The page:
25 Ways I Thrive As A Stay-At-Home Mom – Scary Mommy

25 Ways I Thrive As A Stay-At-Home Mom

sahm

Working Title Films

The baby wakes me up. He’s screaming. I let the dogs out. They whine and claw at the door, and I realize I’ve forgotten to feed them immediately. I find shoes, locate a scoop, and stumble onto the back porch to dump kibble in bowls. My 6-year-old and 4-year-old, long awake and watching Wild Kratts, clamber for breakfast. I throw in a load of laundry while making three sets of toast and one pot of coffee simultaneously. Just as I’m sitting down with the coffee, the baby lets the dogs in. They snarf half of breakfast. Children cry. And I have to do it all over again.

Being a SAHM is hard. We like to complain about it, the daily round of children and cooking and chores. It can be boring, reading Goodnight Moon over and over and over and over. It can be brutally isolating, especially with few playdates, especially if you don’t have a car. But being a SAHM can also be fun, amazing, and entertaining. And no, I’m not talking about the unicorn farts of watching your children grow, though that’s part of it. I love staying home with my kids, and despite lots of time spent in a university, I can’t think of anything else I’d rather do. I don’t just survive. I thrive.

1. I wear a Big Lebowski robe a lot of the time.

If I’m not going out, I’m not getting dressed. Period.

2. The kids wear their pajamas a lot of the time. I’m not going to the trouble of wrangling angry octopi into Angry Birds shirts when no one’s seeing them but me.

3. We rely on the TV. Alas! Alack! Someone call Social Services! Oh, Chris and Martin Kratt. I would like to personally thank you for my sanity.

4. We rely on books. Ha! I’m not a loser layabout mom! Even if it means reading the baby’s favorite book over and over, and even if that’s Go, Dog. Go! and even if that makes me want to claw my eyes out, we read. Luckily the big kids have branched out.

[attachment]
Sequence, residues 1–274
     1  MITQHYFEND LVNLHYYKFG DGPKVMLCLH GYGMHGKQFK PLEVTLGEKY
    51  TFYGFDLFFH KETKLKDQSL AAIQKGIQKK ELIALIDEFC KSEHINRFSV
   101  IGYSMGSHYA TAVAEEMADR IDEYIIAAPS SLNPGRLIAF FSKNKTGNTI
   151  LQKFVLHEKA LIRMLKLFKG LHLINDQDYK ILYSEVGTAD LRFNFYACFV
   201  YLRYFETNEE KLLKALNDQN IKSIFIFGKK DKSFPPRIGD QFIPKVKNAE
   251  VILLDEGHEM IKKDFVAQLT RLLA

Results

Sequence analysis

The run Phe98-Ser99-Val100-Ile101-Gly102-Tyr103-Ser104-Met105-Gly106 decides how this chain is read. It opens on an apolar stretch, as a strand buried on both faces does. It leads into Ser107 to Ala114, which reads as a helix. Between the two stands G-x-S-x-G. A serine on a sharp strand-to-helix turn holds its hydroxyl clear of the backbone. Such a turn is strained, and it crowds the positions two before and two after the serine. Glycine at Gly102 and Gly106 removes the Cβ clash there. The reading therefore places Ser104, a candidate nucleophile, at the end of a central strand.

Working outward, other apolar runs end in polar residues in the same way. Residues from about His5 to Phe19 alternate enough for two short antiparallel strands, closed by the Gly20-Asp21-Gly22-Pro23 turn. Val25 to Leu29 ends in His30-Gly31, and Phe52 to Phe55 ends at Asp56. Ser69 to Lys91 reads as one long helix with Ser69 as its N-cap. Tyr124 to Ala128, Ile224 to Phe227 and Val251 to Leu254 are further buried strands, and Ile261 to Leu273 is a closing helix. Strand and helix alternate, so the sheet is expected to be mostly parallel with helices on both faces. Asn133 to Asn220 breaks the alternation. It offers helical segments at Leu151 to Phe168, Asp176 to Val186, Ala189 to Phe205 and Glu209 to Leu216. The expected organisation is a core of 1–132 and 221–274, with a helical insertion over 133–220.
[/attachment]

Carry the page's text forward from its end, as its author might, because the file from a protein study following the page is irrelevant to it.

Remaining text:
5. You get what you get, and you don’t throw a fit. No, for real. The kids tell me what they want for breakfast among the three perennial options: cereal, buttered toast, and oatmeal (sometimes muffins or yogurt make an appearance). When I put it in front of them, they can’t claim they changed their mind. They eat it.

6. Didn’t eat? Too bad. Kids get three options: an apple, a banana, or a plain piece of bread. They can have as much as they want, but they can only have one of these three options. This cuts down on whining, pickiness, and effort on my part.

7. Lunch is as easy as possible. See, I once set coleslaw on fire (don’t laugh; it can be done). So it’s frozen and includes veggies. Or it’s PB&J and includes carrots. Or it’s fast food, and I might try to shove a fruit cup in them.

8. I stock up on snack food. Kids get hangry without warning. That’s where the fruit snacks come in to prevent the misery. We also use rice cakes, gummy bears, and carrots to stave off the rage.

9. My husband cleans. He cooks and does the dishes. I don’t have time to parent all day and do that.

10. But I do the laundry—and leave it in baskets. Who uses dressers, anyway? I wash the laundry, sort the laundry, and leave it in baskets in everyone’s room. I don’t fold, I don’t iron, and I don’t believe in putting things in drawers, because we’re just going to take them out again.